This recording features three works by Kyle Gann (b. 1955)—Custer and Sitting Bull, Scenario, and So Many Little Dyings, from the decade 1994 to 2004. Those familiar with Gann’s music will recognize a commitment to just intonation (alternate tunings), paired with a deployment of unexpected meters, often set to frequently shifting tempos. But here we also encounter another side of Gann, a composer preoccupied with texts, the inherent rhythms found within the spoken word, and the dramatic potential of these texts (including poems, interviews, stories, speeches, and even one psychic transmission).
A musical reflection on the historic encounter between Lieutenant Colonel George Armstrong Custer and the Lakota leader Sitting Bull, Custer and Sitting Bull (1995–99), presented here in an updated version, is an example of a “pocket opera,” a kind of one-person opera that blossomed in the unfunded spaces of Downtown Manhattan. From 1999 to 2007 Gann performed it live himself, narrating the drama using various historical texts set to a MIDI keyboard accompaniment tuned to just intonation (ranging from 20 to 31-note-to-the-octave scales). While it takes the form of reimagined American history, Custer is perhaps most centrally about the value of sustained, repeated listening. Indeed, Gann’s use of just intonation not only rewards but arguably requires many hearings to access certain subtleties.
The title of So Many Little Dyings (1994) is taken from the Kenneth Patchen poem “And What with the Blunders” (from First Will & Testament, 1939). The entire work originates from the pitch and rhythm of Patchen’s spoken voice, which Gann sampled and transcribed from a recorded recitation of the poem. Listening to it, however, one might not perceive this borrowing immediately, as the work begins with the sound of a microtonal toy piano imitating the rhythms and contours of Patchen’s voice. Very slowly, over the course of the 7-minute work, the piano’s melody is taken over by a recording of Patchen’s sampled voice.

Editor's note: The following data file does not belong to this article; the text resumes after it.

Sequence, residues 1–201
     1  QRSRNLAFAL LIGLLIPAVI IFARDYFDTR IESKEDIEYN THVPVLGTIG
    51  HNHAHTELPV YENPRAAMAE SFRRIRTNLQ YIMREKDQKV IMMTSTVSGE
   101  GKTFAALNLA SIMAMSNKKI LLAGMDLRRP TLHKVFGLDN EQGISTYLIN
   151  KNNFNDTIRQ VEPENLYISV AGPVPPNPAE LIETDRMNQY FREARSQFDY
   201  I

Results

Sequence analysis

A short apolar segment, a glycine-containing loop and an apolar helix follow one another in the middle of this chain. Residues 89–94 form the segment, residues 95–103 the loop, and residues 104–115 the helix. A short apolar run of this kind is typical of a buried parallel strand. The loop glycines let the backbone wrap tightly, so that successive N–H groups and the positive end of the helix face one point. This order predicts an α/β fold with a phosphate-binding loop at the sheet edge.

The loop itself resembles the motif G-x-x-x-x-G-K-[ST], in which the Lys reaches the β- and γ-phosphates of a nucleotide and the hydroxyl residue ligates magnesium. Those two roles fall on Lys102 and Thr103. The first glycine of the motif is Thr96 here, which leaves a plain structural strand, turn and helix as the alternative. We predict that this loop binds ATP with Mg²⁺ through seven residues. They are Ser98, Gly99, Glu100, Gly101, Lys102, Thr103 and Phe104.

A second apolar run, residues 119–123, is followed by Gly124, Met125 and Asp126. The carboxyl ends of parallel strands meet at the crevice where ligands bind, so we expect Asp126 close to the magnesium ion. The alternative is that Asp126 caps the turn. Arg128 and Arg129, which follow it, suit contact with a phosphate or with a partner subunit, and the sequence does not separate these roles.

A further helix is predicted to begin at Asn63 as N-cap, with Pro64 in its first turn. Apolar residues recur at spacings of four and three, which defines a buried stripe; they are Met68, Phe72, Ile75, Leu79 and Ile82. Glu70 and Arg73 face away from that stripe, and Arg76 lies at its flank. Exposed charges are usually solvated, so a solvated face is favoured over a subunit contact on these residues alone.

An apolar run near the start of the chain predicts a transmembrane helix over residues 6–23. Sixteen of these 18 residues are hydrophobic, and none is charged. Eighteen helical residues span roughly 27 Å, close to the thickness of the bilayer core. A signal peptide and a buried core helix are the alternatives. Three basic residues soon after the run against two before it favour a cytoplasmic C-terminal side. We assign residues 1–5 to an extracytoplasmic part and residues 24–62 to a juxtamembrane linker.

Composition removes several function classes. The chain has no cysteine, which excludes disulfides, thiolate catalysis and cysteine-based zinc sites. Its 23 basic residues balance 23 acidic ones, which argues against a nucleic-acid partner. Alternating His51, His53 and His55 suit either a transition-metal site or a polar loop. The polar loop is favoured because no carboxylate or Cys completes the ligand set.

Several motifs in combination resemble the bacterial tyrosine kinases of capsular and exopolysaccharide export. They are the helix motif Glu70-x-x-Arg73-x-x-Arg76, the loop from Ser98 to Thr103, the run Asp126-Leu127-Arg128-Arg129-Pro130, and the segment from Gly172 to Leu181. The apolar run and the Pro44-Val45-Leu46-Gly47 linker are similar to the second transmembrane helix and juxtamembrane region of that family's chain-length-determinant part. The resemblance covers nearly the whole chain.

Scenario, for soprano and virtual orchestra, was written between 2003–2004 but wasn’t performed live until 2012. The text is taken from a 1932 S. J. Perelman story of the same name, which consists of a non-stop, breathless collage of filmic clichés. On the page, Perelman’s text continues for pages without paragraph break and includes dialogue excerpts, Hollywood rumors, and behind-the-scenes film directions. In Gann’s setting of it––what he calls “a surrealist collage opera, the musical analogue of an animated cartoon, for theatrical soprano and virtual orchestra”––each collaged portion is set in a corresponding style and character, so the soprano must alternate rapidly between each affect and singing style throughout the 17-minute work.